Blog Post

Space issues with SSIS temp files


The page came at a reasonable hour. All of the overnight ETL and processing jobs were just winding up before the business started in earnest for the day. One of the final jobs of the morning failed, a job that called an SSIS package that transferred some email logging to the data warehouse.

I jumped online and saw that one of the teams was in doing an early morning deploy. I scanned the errors from the job and saw the server was the one that the deploy team were working on and saw this message:

“The column status returned was: “DBSTATUS_UNAVAILABLE”.”

I decided that it was most likely deploy related and I’d rerun the job once the team was finished.

I did – and it failed again. I went back to the error output and after scanning through a lot of misleading or confusing SSIS error output I found this gem:

   Description: The buffer manager cannot extend the file “C:\Users\SQLSER~1\AppData\Local\Temp\DTB{3AA45D52-FFD2-479F-AB52-0F0F82402850}.tmp” to length 3670016 bytes.  There was insufficient disk space.

I ran the job again and sure enough the temp folder filled up, and the job failed.

I was dealing with a local physical drive here – so expansion was not an option. I needed to relocate the temp files or folders.

My first idea was to edit the environment variables.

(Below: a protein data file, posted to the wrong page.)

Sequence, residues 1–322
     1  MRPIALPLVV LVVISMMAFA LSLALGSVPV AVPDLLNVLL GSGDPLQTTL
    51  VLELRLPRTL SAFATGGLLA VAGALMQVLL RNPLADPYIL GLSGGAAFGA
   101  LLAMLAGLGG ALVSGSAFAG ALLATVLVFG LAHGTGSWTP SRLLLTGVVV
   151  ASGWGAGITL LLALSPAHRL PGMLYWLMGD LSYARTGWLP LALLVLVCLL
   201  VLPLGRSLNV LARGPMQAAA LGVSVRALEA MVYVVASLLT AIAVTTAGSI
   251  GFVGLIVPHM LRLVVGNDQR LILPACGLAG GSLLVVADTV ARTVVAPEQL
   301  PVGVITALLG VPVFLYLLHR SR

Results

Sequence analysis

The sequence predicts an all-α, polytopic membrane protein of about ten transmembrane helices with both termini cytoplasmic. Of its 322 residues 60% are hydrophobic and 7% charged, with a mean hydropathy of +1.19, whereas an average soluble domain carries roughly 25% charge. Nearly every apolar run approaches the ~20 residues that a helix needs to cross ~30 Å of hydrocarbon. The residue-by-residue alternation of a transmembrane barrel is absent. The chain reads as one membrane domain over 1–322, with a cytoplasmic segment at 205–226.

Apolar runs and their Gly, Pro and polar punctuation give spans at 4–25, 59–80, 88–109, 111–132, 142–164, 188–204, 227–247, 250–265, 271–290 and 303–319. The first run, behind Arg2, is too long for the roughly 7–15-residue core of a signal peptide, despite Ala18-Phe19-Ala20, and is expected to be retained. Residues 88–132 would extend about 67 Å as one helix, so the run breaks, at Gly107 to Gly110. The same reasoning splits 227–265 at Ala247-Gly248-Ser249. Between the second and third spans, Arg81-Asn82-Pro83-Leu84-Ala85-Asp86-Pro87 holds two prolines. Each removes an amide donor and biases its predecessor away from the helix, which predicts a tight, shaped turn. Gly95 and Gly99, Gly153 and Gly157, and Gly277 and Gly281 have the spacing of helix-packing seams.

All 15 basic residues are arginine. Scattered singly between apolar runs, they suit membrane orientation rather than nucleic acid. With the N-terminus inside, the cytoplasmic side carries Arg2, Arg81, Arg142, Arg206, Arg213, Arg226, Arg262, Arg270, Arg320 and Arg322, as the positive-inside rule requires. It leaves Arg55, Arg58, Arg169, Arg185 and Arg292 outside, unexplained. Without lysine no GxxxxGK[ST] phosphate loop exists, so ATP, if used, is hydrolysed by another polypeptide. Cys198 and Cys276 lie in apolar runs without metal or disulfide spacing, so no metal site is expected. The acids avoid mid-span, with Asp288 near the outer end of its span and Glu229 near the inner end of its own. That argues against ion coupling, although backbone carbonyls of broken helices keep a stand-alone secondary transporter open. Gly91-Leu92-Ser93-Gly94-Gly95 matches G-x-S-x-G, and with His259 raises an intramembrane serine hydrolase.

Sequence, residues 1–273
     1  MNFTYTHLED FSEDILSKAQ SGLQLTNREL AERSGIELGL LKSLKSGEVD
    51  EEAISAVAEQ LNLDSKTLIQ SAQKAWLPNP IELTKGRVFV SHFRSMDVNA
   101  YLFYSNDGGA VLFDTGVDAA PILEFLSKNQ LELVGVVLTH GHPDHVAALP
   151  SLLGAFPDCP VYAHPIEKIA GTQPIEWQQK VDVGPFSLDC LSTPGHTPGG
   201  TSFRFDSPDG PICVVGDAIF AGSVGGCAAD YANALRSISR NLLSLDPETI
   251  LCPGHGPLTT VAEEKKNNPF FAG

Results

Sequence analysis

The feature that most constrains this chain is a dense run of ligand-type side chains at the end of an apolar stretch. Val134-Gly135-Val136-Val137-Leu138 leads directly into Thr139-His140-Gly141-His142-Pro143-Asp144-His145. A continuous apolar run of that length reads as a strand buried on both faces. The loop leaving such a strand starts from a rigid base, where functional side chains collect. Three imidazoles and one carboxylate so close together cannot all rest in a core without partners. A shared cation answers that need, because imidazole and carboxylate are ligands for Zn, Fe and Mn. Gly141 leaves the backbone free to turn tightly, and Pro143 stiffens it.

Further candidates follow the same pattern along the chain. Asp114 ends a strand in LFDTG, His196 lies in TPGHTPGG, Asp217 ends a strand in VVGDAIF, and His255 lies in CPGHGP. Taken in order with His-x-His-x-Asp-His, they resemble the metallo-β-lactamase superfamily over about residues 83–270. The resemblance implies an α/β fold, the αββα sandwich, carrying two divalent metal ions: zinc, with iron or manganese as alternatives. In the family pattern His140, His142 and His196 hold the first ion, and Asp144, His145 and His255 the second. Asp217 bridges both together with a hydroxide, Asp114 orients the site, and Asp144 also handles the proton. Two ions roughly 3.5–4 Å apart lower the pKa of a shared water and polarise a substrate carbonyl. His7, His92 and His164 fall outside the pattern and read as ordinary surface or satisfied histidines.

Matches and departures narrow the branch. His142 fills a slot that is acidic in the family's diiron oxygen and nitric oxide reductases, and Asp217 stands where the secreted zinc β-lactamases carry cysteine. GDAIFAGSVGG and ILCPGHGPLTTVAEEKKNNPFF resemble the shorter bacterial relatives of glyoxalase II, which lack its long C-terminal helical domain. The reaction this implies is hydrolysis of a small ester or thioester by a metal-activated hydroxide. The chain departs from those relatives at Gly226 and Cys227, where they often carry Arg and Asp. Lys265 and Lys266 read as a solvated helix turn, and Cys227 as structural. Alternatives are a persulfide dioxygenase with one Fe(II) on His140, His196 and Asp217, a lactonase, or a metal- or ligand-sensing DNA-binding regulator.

1. Log on to the server using the account the runs SSIS.
  2. Open control panel>system or type sysdm.cpl into a run prompt.
  3. Go to advanced>environment variables.
  4. Edit the TMP and TEMP variables (after making a copy of the original values)
  5. Restart the SSIS service.

I wasn’t keen to restart the service because a couple of jobs were running so idea number two was to create a symbolic link from the temp folder to another, roomier drive.

  1. Log on to the server
  2. Rename the current temp folder to temp_old
  3. Run the following in a command prompt. mklink /D [old temp location] [new temp location]
  4. Copy any contents from the temp_old folder to the new location
  5. Run the job
  6. Delete the shortcut created in the old location by the symbolic link.
  7. Rename temp_old back to temp.
  8. Copy back any files.

Luckily the SSIS jobs that were running were not making use of the temp folder so this all worked well.

Interestingly enough out of three failures (2 job runs and a step retry) the disk space error only appeared once. That error then flowed on to cause a whole bunch of other SSIS errors that were ultimately misleading.

I did manage to find a way to blame the whole thing on the deploy team – so all was not lost. It turned out that the changes they had made caused a lot more data than usual to be piped through SSIS – which meant the temp files took up more space ??



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